recent survey of the department of census & statistics, the household expenditures are
now more important in non-food expenses. So there are opportunities of business in
We can see on the table that Sri
Lankan people tend to spend
more money in different goods
and services than before, so there
are really many opportunities for
developing businesses there. The
Transport, Communication as
well as Clothing, Textiles & Foot
wear demands have been
increasing over the past few years and is not ready to stop yet.
The part of the population influenced by the globalization, as well as the Numties, is
considered as modern consumers. The globalization context has influenced their
demand and consumption and there is in Sri Lanka and especially in big cities, the
proliferation of modern restaurants, luxury cars…
Luxury hotels are already implanted in that country, but regarding luxury goods no
major brands have entered the market yet. So there are lots of opportunities for this
sector to grow and succeed in such a country, especially as it has become a country
visited by millions of people each year. Tourists come from every part of the world and
this trend is not ready to decrease yet. Indeed, Sri Lanka is really focused on developing
tourism, which is one of its key economic sectors. Furthermore, nowadays we can
consider that luxury travelers have clear objectives. Ostentatious services or goods no
longer attract them but they focus on authenticity and experiential travel, looking for
unique goods. Sri Lanka is called the island of gems. The country is known and famous
for its beautiful and unique gemstones that could constitute a special raw material for
luxury goods, and respond to this new concept of luxury for tourists as well as for the
inhabitants. This is a unique destination where wealthy people enjoy staying. Luxury
brands could develop partnerships there with all the luxury hotels already settled in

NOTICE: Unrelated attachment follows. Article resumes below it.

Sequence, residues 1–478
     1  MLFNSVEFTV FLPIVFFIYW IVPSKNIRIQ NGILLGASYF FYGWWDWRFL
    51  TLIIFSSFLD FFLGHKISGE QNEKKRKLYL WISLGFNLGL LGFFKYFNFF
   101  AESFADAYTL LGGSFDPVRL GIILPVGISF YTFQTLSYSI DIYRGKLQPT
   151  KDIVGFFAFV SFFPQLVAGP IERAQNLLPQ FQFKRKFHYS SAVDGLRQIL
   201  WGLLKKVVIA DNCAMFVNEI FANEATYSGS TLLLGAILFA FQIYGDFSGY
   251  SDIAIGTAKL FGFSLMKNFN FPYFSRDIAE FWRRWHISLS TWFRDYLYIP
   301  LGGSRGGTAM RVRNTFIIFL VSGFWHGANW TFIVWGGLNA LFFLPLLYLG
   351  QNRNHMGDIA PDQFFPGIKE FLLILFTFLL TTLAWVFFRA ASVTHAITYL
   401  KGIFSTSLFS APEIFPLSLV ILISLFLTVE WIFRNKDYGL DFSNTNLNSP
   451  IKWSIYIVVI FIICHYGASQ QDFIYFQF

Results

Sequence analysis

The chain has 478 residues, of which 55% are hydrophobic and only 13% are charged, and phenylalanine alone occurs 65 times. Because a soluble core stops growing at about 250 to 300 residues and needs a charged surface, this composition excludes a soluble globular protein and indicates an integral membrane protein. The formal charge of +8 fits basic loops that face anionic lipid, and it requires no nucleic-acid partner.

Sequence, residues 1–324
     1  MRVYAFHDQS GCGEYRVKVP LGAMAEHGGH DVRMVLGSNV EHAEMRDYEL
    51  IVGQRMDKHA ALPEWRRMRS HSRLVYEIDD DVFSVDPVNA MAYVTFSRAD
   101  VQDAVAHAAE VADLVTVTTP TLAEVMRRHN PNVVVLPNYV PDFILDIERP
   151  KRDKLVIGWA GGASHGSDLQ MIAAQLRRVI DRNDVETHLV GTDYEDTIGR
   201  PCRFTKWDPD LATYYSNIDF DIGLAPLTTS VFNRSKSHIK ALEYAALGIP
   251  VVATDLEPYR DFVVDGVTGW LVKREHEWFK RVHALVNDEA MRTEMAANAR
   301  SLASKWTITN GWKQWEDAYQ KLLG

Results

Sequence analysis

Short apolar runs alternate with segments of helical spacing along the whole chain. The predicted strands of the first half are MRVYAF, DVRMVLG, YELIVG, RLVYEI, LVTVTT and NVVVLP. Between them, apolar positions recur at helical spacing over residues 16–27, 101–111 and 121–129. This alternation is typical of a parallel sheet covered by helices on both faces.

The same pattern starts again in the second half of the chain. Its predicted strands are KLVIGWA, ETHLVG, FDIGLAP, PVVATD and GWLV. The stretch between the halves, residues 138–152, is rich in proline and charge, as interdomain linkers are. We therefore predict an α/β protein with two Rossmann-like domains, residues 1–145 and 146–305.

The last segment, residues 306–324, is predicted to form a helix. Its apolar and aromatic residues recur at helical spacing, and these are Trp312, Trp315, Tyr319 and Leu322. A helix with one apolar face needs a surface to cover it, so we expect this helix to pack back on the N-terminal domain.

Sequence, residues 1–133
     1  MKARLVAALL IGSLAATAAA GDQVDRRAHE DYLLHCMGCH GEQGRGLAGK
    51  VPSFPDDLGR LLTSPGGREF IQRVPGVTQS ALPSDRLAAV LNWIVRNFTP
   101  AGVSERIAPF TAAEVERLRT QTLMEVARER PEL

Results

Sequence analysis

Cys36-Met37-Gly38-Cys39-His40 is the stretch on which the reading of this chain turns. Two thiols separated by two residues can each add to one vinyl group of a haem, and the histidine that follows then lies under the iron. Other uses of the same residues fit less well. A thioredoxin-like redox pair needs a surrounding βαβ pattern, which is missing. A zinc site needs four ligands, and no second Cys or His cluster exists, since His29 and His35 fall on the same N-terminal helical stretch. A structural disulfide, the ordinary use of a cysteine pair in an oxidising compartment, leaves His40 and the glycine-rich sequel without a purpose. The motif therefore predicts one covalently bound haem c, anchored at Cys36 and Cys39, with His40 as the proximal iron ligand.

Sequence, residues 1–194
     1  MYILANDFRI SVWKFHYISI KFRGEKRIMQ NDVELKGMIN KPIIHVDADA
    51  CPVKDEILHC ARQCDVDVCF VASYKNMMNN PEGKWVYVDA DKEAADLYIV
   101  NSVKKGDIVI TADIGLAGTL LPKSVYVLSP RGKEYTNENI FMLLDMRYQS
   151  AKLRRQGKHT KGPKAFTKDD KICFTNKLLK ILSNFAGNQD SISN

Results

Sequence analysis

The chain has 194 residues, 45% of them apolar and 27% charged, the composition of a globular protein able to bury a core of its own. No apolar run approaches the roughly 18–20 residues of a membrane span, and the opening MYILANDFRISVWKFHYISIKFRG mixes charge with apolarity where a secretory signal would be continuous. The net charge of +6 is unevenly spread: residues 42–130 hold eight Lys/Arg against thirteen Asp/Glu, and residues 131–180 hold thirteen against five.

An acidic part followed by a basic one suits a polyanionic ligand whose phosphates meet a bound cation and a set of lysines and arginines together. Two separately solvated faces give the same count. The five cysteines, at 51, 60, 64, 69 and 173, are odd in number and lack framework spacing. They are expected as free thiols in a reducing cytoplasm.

order to be seen by tourists.
Since a few years, Sri Lanka seems to have maintained a strong resilient economy. The
economy rate of the country has improved, thanks to the strengthening of the services
sector, and to diverse government policies, which foster foreign direct investment.
Given the Board of Investment of Sri Lanka, these policies are the following:
Total foreign ownership is permitted across almost all areas of the economy.
No restrictions on repatriation of earnings, fees, capital, and on forex transactions
relating to current account payments.
Safety of foreign investment is guaranteed by the constitution.
Existence of a transparent and sophisticated legal and regulatory framework.
Covering all prerequisite business law enactments.
Bilateral investment protection agreements with 28 countries and double
taxation avoidance agreements with 38 countries.
Source : Board of Investment of Sri Lanka
Furthermore, wages in Sri Lanka have evolved and skilled human resources have
competitive salaries. The know-how is improving as well as the quality of the final goods
and the salaries, which remain still less expensive than in western countries. That could
be considered as an advantage for businesses to settle down their industry in Sri Lanka,
especially for luxury brands whose products need more hours of work and higher know-
how for their creation.
The Sri Lankan currency is the Sri Lankan Rupee (LKR) which rate has constantly
increased since the 1980’s. Today the rate change is 1 LKR for 0.00765 USD, which is
pretty interesting for the transactions.
Sri Lanka is relatively dependent on importation. More than half of its importations
represent manufactured goods. At the same time, Sri Lanka exports a lot and the main
products exported are manufactured goods as well. 42% of its manufactured goods
exportations are clothes. So Sri Lanka is not an isolated island at all, it has a lot of
business relationships with many other countries. Indeed we will see a little later that
one of the key sectors of Sri Lanka is textile and clothing. The labor force and the raw
materials are less expensive and so the exportations are more economically favorable
for other countries.
d) Location and connectivity
Sri Lanka remains a developing country and not every place in this country looks
favorable for investment. The most developed zone in the country is its economic
capital: Colombo. It is the biggest city in Sri Lanka and almost every Sri Lankan
industrial company has its headquarters there. The country and its economic capital are